Posts tagged higher education
Effort–reward imbalance and overcommitment in UK academics: implications for mental health, satisfaction and retention

This study utilises the effort–reward imbalance (ERI) model of job stress to predict several indices of well-being in academics in the UK: mental ill health, job satisfaction and leaving intentions. This model posits that (a) employees who believe that their efforts are not counterbalanced by sufficient rewards will experience impaired well-being and (b) feelings of ERI are more frequent and damaging in employees who are overcommitted to the job.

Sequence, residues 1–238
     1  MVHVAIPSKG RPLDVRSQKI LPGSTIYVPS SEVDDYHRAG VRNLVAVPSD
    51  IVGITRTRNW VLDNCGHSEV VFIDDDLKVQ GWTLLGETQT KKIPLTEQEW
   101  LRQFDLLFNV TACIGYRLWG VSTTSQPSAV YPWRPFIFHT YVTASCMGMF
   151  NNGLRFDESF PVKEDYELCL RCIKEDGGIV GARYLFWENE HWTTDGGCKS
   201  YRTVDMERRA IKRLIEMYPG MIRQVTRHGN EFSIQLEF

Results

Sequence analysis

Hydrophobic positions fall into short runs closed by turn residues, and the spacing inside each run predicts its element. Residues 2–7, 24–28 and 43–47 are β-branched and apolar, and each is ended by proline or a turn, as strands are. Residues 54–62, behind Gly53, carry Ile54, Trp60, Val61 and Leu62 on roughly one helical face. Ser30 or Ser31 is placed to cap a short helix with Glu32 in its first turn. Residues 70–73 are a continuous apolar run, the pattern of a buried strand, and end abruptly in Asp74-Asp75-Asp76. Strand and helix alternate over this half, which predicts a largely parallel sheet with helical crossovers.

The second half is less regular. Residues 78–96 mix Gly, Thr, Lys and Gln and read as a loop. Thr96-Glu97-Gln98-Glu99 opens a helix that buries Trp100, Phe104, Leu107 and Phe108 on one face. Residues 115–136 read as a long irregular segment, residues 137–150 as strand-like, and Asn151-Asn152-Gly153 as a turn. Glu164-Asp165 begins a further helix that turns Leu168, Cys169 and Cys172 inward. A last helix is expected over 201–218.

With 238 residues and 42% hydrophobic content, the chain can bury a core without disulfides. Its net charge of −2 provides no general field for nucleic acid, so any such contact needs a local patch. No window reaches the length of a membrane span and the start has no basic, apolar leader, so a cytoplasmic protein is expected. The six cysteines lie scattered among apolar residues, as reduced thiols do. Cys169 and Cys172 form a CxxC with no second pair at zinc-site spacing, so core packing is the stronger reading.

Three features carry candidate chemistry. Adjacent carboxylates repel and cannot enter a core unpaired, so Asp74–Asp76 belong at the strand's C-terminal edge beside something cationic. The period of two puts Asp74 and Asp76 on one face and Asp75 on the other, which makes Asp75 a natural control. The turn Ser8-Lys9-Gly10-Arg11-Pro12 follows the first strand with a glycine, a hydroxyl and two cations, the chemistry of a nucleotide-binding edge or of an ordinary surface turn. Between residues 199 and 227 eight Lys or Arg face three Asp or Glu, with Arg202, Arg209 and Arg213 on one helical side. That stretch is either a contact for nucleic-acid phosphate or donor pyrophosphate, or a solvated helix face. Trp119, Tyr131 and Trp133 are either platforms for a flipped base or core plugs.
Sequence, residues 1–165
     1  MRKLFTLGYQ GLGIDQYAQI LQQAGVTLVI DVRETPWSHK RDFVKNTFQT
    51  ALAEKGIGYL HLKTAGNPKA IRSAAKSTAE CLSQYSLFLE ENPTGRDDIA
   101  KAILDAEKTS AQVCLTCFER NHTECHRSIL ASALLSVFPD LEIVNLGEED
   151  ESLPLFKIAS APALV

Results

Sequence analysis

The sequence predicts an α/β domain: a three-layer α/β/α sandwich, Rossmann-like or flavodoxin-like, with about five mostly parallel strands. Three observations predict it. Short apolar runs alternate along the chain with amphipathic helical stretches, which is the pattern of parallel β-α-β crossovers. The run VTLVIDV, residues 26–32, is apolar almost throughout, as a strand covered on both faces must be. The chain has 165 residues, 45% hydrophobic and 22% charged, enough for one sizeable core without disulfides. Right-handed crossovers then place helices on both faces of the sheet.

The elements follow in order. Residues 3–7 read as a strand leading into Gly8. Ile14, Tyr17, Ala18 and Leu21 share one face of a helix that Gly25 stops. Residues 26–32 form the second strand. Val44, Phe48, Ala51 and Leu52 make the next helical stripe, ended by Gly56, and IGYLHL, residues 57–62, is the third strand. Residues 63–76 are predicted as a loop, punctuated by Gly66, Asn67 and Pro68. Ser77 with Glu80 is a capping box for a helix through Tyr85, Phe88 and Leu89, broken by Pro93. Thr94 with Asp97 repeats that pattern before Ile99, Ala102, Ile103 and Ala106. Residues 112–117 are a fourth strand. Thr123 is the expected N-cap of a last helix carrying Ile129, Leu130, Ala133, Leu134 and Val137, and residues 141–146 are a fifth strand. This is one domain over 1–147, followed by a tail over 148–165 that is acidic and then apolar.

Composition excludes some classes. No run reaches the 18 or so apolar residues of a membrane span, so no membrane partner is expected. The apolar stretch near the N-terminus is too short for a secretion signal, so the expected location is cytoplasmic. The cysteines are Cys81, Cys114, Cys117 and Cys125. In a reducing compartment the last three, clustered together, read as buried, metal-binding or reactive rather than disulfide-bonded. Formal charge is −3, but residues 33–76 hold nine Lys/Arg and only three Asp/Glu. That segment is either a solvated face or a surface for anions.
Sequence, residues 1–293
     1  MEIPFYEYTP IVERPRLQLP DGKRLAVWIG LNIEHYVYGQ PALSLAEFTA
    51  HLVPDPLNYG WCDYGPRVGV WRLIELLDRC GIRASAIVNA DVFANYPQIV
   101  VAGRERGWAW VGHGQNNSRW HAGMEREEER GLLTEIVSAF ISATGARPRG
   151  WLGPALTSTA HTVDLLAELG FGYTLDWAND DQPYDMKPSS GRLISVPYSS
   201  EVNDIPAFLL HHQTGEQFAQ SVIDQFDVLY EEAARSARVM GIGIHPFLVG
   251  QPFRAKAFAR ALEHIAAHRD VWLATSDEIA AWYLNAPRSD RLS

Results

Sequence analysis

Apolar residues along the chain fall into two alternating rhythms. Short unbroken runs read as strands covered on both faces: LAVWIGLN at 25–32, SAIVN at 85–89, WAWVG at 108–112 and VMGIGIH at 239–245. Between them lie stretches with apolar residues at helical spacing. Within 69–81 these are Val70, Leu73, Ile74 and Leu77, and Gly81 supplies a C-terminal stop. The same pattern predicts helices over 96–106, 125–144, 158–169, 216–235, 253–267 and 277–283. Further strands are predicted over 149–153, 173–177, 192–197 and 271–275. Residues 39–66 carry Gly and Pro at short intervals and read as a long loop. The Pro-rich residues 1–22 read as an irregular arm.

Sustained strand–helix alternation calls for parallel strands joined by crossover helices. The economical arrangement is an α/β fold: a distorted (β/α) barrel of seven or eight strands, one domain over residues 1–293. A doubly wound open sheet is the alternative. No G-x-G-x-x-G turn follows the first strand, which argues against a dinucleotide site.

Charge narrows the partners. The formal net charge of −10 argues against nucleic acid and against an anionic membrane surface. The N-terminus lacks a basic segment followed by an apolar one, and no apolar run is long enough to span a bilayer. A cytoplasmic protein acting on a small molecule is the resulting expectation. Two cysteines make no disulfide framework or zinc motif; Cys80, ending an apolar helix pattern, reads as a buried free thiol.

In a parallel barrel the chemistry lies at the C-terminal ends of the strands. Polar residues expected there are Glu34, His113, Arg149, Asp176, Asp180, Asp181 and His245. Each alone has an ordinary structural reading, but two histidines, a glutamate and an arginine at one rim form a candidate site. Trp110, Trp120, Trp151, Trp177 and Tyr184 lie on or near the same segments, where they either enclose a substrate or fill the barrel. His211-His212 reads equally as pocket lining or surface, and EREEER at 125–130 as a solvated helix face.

Read More
Regulating the student body/ies: university policies and student parents

Despite a cultural positioning of care at the margins of academia, student parents now represent a significant proportion of the higher education population in England and in other Western countries. Research shows that, beyond the diversity of their experiences, time, childcare, financial, and well-being related issues prevail among them.

Read More